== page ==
Tuesday, April 22, 2014

Giving back at the CHM

In January I decided to become a volunteer at the Cincinnati History Museum at Union Terminal. I figured it would be nice to share my existing local history knowledge with interested folks as well as learn some new things myself.
I already went to the volunteer program orientation, got my badge, ordered a shirt and shadowed a few shifts. I also helped out with Ohio History Day on March 1st for high school students competing in the National History Day competition, which is basically like a Science Fair but for history. To be honest I never knew such a thing existed. I got to talk to a few very bright kids while escorting them to their interviews about papers they wrote.

I will mostly be working the AM shift on the 2nd and 4th Sundays of the month and will likely be in the Early Settlement and Regional Capital sections. They are also going to start up their guided tour program again and I may look into that but right now I'm just learning the ropes.
They are always looking for volunteers so check that out on the CHM website. If you happen to be there on a Sunday morning stop by and say "Hi!".

Friday, April 4, 2014


On this date, April 4th, 1841, William Henry Harrison, an adopted Buckeye like myself, died one month after taking office as President. At 68, his detractors said he was too old and sickly to be President. That IS pretty old by 1841 standards so I suppose they were right. It's too bad he is mostly only remembered for this event as he had an impressive resume and life.
I kind of hate how folks list him as a "worst President". He was consumed by office seekers lining up and looking for jobs in the new administration for the first three weeks and then the fourth week he was bedridden, filled with opium and brandy. He didn't even have a chance at a Presidential legacy.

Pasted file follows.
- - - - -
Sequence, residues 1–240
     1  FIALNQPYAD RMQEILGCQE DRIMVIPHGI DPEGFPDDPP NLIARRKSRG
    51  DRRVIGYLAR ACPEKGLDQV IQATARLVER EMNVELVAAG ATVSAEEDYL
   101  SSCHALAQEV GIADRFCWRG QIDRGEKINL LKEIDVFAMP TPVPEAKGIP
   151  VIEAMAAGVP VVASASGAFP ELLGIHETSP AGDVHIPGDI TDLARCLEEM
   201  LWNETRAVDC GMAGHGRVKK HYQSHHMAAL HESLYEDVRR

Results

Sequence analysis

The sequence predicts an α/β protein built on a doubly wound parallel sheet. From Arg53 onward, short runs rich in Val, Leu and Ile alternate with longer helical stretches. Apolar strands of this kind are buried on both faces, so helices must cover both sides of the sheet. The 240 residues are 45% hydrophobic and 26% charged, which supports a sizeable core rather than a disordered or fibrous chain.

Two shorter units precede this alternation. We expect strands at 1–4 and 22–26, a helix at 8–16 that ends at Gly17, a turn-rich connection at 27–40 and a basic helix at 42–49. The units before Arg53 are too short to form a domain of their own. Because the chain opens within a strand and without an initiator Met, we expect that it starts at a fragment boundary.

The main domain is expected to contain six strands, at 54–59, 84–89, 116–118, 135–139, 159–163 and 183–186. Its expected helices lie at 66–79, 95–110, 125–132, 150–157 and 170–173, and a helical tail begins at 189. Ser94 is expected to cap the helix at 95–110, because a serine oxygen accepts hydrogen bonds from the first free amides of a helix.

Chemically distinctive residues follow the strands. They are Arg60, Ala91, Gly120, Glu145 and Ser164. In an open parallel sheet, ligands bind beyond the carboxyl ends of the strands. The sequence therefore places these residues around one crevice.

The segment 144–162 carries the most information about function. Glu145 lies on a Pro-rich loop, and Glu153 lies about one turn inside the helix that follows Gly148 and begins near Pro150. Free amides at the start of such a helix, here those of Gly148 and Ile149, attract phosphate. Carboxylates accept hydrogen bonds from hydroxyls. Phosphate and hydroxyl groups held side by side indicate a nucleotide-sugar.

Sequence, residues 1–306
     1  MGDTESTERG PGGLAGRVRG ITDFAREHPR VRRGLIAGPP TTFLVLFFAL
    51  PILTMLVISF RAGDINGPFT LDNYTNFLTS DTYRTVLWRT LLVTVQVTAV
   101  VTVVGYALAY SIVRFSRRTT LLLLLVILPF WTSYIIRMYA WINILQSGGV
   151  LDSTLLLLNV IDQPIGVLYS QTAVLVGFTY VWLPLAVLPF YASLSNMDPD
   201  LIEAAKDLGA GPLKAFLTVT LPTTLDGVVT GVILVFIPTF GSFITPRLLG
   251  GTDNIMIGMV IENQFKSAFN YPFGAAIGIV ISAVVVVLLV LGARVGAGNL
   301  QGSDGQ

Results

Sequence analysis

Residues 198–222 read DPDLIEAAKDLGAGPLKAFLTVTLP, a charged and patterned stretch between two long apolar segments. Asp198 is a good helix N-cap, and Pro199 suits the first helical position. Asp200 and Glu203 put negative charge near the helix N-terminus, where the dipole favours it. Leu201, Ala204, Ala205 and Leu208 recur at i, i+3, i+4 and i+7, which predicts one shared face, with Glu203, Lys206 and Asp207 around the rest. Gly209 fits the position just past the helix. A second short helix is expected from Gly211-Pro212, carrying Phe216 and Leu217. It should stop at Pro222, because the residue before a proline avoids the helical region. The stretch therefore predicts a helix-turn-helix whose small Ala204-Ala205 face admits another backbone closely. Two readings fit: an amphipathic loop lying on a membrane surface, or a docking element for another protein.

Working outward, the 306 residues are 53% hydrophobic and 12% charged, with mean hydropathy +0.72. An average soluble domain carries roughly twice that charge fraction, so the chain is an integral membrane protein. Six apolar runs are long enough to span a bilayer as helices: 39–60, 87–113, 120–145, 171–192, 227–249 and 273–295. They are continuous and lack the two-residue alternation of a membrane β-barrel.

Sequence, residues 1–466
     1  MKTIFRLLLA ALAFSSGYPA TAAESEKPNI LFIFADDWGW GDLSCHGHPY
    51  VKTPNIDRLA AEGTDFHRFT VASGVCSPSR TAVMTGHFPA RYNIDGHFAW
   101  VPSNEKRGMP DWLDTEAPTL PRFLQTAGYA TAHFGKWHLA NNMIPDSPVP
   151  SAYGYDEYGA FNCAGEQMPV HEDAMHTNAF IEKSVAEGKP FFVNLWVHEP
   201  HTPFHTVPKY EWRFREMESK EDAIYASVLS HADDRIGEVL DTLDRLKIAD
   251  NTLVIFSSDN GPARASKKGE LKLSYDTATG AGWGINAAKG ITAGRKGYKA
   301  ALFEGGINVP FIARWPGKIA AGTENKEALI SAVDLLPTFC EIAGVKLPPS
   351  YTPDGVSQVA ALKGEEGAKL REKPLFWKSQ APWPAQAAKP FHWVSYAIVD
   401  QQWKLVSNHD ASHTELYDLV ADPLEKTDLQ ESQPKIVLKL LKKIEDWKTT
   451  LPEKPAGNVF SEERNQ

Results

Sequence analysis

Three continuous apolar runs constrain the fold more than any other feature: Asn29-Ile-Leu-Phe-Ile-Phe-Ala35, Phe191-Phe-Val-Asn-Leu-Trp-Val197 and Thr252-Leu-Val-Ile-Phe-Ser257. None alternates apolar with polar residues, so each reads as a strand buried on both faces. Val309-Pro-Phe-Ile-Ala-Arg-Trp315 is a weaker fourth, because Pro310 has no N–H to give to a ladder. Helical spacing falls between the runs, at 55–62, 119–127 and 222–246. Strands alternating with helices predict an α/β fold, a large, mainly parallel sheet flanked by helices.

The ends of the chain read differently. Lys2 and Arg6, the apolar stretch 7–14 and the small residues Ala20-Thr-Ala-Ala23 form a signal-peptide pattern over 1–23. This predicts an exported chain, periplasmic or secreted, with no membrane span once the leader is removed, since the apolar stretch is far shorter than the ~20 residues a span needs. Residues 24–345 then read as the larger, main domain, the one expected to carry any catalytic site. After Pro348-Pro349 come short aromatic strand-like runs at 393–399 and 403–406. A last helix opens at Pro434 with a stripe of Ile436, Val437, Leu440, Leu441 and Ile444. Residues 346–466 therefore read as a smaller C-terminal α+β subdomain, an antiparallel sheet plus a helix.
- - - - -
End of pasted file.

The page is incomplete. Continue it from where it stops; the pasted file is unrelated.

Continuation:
The doctors said he died of "bilious pleurisy", an archaic term for pneumonia. Recently a new theory has emerged that he died of typhoid due to the poor Washington DC sanitation in those days. Who knows. Life was rough back then and medical treatment in the early 19th century sometimes killed you faster than if they just left you alone.

WHHs Cincinnati funeral was here
His death was officially at 12:30 AM on April 4, 1841, just 30 days, 12 hours, and 30 minutes after taking the oath of office.
On April 7th, an Episcopalian funeral service took place in the East Room of the White House. Lying on a table in the middle of the room was the glass-covered open casket of William Henry Harrison.
Other memorials and funerals took place across the country on the same day. One was at the Methodist Wesely Chapel on 5th Street between Broadway and Sycamore in Cincinnati OH where the P&G Garden Pavilion is now.

WHH's eternal view in North Bend OH
Following the White House funeral he was loaded up and the funeral procession, led by Whitey his riderless horse, took him down Pennsylvania Avenue to the Capitol Building where he laid in state for mourners to see. WHH spent the Spring of 1841 in the public vault of the Congressional Cemetery in Washington, D.C. Later in June 1841 after Winter had passed, a train carried him to North Bend, Ohio where he was laid to rest overlooking the Ohio River near Cincinnati.

Here are a few previous Gehio posts on William Henry Harrison:
Tippecanoe and Trivia too!
Straight Outta Tippecanoe

Tuesday, April 1, 2014

Pyromania pays

battling a fire in Cincinnati 1854 style
On April 1, 1853, Cincinnati, Ohio, established the first professional and fully paid fire department in the United States. The same year, Cincinnati was the first city in the world to use steam fire engines too.
You might think this was a swell gesture to properly compensate hard workers for a dangerous job well done. Nope. It was arson. Firefighters were paid on an as-needed basis. No fires meant no pay and only the first team of firefighters that arrived on the scene got paid. It seems fireman started setting fires to get work and on top of that rival fire companies were sabotaging each others equipment to be the first responders. And the professional US firefighter was born. Don't get me wrong, modern firefighters do a fantastic job but they certainly have come a long way since the mid 19th century.

Click here for more info on Cincinnati's firefighting history.